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What Do Increasing Interest Rates Mean for Deposit Pricing?

June 06, 2022

By Paul Shorkey, CFA, FRM, Catalyst Strategic Solutions ALM Consultant


Whether it’s at the gas pump or in the supermarket, consumers are already feeling pressed by higher prices on daily necessities. The Federal Reserve Bank has increased interest rates 75 basis points (bps) and is poised to raise interest rates another 225 bps over the next year, according to market pricing.

What will this mean for your deposit offering rates over the same period? While the prior rate cycle witnessed 25 bps moves (maybe) every three months, this tightening rate cycle will see a more aggressive Federal Reserve squeeze if inflation remains at current elevated levels.

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*Source: Federal Reserve Bank of Atlanta

Rising rates are a tool to control credit expansion and make saving more attractive than in prior rate cycles. The current rate cycle is seeing an unprecedented amount of liquidity on credit union balance sheets. This suggests that deposit betas, the percentage of change in the Federal Funds rate that credit unions pass through to depositors, will likely be even lower than the previous cycle. Although digital banks and Fintechs may bring greater competition for newer deposits, funding needs are currently too low to make this any real threat for credit unions with stable branch deposit inflows.

If inflation continues to press forward in the economy and the Federal Reserve actively works to counter this trend, industry experts expect an overall deposit beta of 6% in 2022, 17% in 2023 and 35% in 2024, with a cumulative beta of around 18% for the coming rate cycle.[1] This compares with cumulative betas of 25% in the most recent cycle, and 38% for the 2005 rate cycle when the Federal Funds rate went as high as 5.25%.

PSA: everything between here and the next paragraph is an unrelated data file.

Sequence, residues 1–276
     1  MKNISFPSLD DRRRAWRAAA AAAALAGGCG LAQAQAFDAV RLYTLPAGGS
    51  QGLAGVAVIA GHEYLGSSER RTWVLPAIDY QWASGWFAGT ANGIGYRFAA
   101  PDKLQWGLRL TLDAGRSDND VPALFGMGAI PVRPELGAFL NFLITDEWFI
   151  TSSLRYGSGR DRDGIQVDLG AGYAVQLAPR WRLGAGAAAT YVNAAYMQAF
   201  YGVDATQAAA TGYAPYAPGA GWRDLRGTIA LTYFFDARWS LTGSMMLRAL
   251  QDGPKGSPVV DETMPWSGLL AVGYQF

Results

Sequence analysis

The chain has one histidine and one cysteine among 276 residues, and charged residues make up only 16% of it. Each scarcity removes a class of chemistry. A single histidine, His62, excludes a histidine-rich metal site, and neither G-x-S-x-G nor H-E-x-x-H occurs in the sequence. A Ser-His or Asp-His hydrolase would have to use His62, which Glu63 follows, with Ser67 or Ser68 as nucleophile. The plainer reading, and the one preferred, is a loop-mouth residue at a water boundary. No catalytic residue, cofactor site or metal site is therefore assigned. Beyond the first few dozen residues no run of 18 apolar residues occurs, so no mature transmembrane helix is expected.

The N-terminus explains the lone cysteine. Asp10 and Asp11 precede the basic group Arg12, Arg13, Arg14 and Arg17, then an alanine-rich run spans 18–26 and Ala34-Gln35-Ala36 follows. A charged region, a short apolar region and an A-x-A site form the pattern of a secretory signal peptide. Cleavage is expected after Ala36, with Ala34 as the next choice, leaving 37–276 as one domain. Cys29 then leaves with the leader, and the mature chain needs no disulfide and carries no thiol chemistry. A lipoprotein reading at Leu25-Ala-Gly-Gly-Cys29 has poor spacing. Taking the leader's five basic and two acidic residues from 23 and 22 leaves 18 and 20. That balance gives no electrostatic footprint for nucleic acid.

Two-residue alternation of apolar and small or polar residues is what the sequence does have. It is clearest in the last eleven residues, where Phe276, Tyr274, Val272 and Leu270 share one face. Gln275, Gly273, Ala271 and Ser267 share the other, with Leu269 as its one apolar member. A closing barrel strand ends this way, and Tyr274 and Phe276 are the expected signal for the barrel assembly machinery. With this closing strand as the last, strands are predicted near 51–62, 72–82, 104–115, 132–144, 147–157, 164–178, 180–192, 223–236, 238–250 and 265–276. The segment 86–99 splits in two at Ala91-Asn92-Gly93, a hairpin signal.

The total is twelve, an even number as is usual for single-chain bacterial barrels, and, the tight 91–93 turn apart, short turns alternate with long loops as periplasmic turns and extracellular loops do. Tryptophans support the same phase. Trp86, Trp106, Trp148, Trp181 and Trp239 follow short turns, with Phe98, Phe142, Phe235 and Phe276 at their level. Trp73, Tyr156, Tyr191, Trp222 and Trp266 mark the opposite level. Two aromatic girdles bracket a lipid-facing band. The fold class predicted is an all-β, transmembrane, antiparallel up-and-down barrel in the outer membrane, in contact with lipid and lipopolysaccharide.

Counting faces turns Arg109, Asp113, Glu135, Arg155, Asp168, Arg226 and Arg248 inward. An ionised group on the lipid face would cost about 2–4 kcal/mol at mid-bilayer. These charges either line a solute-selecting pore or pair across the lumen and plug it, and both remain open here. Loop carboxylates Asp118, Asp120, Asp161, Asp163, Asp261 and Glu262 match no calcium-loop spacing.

This low beta environment for the current credit cycle is good news for credit unions and will allow margins that have recently suffered to expand. This margin expansion, however, is not likely to be that dramatic due to the nature of the loan demand sought. On one hand, unsecured debt sought by cash-strapped households will create risky margins. On the other, cash-rich households with low borrowing needs will likely mean that prime credit lending rates may not even rise to deposit level betas due to competition. This has the potential to create a volatile credit cycle over the next few years.

While the increase in margins is good news for credit unions, this will be a challenging cycle for managing credit. With interest rates falling once again and margins coming under challenge, there is a strong possibility the Federal Reserve tightening could slow down the economy enough to cause a course reversal. Given the upcoming credit and interest rate challenges, selective credit lending and a well-balanced investment ladder could help stabilize the anticipated uncertainty.

Catalyst Strategic Solutions’ ALM Team is here to help guide you in your modeling of these instruments. Our comprehensive ALM service offering can accommodate your modeling needs, as well as provide professional advice around these assumptions. and add sensitivity analysis. For more information, contact us today.

[1] 2022 US Bank Market Report, S&P Global Market Intelligence, p.  12